Utilising the native plasmid, pCA2.4, from the cyanobacterium Synechocystis sp. strain PCC6803 as a cloning site for enhanced pr
PatriciaArmshaw1*, DawnCarey1, ConSheahan2 and J. Tony Pembroke1
1Molecular andStructural Biochemistry Laboratory, Department ofChemical andEnvironmental Sciences; Materials andSurface Science Institute, University ofLimerick, Limerick, Ireland
2Department of Design and Manufacturing Engineering, University of Limerick, Limerick, Ireland
Background: The use of photosynthetic autotrophs and in particular the model organism Synechocystis PCC6803 is receiving much attention for the production of sustainable biofuels and other economically useful products through metabolic engineering. Optimisation of metabolic-engineered organisms for high-level sustained production of prod-uct is a key element in the manipulation of this organism. A limitation to the utilisation of metabolically-engineered Synechocystis PCC6803 is the availability of strong controllable promoters and stable gene dosage methods for max-imising gene expression and subsequent product formation following genetic manipulation.
Results: A native Synechocystis PCC6803 small plasmid, pCA2.4, is consistently maintained at a copy level of up to 7 times that of the polyploid chromosome. As this plasmid is stable during cell division, it is potentially an ideal candi-date for maximising gene dosage levels within the organism. Here, we describe the construction of a novel expres-sion vector generated from the native plasmid, pCA2.4. To investigate the feasibility of this new expression system, a yellow fluorescent protein (YFP) encoding gene was cloned downstream of the strong Ptrc promoter and integrated into a predicted neutral site within the pCA2.4 plasmid. The stability of the integrated construct was monitored over time compared to a control strain containing an identical YFP-expressing construct integrated at a known neutral site in a chromosomal location.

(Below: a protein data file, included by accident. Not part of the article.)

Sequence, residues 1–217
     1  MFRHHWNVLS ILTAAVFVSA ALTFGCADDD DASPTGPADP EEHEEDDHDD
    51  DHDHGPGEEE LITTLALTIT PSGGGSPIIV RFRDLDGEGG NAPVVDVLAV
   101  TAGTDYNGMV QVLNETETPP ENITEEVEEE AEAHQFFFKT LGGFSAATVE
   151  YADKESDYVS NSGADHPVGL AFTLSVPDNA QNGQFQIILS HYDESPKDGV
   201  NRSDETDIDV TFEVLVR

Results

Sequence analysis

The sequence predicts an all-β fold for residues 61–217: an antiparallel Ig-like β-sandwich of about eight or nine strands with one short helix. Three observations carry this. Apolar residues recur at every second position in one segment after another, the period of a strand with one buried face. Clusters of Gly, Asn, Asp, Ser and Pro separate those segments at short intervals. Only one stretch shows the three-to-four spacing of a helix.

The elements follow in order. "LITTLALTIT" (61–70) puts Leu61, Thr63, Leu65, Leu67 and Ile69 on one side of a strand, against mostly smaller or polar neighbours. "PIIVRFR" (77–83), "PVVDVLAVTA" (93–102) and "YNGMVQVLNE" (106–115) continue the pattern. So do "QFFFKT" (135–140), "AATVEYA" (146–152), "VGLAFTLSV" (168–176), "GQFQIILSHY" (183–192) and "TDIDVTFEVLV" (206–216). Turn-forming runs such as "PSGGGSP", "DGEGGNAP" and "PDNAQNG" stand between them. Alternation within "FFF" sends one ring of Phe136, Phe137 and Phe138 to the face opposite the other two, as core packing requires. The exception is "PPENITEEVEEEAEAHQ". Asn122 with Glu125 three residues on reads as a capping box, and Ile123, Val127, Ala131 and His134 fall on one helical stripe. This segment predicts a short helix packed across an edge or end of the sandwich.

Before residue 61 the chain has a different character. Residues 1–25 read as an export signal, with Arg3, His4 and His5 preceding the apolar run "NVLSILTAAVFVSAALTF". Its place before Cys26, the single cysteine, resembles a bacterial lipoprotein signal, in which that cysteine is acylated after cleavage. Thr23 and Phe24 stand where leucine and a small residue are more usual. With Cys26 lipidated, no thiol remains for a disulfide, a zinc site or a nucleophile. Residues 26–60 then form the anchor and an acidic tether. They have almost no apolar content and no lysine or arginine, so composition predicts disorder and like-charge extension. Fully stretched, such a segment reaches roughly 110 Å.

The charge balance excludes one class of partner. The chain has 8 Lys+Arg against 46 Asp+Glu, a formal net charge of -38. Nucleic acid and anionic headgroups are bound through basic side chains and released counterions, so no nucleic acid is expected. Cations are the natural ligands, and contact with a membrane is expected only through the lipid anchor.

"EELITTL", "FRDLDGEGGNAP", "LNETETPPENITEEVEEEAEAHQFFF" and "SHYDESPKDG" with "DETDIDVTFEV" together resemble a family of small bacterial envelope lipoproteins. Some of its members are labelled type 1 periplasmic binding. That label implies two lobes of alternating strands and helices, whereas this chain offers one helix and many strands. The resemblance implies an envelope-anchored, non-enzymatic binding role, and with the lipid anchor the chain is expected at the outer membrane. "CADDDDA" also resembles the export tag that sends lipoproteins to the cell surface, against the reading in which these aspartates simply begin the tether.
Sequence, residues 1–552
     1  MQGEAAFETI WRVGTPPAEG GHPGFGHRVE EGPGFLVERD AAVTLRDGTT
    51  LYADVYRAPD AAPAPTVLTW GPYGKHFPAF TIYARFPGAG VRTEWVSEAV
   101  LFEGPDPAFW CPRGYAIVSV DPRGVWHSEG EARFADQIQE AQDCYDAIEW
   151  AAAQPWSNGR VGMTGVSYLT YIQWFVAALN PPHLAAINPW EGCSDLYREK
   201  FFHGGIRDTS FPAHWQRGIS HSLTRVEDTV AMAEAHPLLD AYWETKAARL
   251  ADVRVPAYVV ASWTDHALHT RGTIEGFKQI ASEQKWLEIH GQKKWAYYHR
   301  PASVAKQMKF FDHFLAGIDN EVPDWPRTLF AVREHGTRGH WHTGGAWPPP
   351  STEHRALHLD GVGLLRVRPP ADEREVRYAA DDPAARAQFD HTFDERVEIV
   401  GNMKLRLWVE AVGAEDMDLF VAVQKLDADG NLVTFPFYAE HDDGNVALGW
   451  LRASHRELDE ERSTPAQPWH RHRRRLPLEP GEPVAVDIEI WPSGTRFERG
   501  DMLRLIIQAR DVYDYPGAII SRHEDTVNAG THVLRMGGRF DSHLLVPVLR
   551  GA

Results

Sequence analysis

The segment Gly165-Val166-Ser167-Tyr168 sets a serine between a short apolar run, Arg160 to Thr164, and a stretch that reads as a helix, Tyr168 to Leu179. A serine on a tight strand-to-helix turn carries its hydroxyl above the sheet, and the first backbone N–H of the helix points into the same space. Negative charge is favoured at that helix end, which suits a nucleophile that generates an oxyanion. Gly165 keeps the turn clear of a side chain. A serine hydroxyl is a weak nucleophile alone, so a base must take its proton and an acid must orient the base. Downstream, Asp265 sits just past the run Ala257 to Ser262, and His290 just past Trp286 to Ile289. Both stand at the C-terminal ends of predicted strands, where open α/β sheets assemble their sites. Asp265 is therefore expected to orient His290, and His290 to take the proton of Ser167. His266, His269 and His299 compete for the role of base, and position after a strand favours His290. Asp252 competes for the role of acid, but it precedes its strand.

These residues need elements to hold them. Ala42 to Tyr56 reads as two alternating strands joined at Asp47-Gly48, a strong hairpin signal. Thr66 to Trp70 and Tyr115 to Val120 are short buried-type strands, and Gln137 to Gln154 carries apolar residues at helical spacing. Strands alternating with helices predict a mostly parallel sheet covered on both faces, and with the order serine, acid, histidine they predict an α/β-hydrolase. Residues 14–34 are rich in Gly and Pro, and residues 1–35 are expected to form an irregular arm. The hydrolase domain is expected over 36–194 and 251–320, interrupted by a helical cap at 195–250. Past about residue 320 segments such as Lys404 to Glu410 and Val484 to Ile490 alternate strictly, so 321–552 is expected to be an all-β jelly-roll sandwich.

Conclusions: A significantly higher fluorescence level of the yellow fluorescent protein was observed when its encoded gene was integrated into the pCA2.4 native plasmid when compared to the isogenic chromosomally inte-grated control strain. On average, a minimum of 20-fold higher fluorescence level could be achieved from integra-tion into the native plasmid. Fluorescence was also monitored as a function of culture time and demonstrated to be stable over multiple sub-cultures even after the removal of selective pressure. Therefore, the native small plasmid, pCA2.4 may be utilised to stably increase gene expression levels in Synechocystis PCC6803. With the complementary utilisation of an inducible promoter system, rapid generation of commodity-producing Synechocystis PCC6803 strains having high level, controlled expression may be more achievable.Keywords:Yellow fluorescent protein (YFP), pCA2.4, Gene dosage, Gene expression, Synechocystis PCC6803.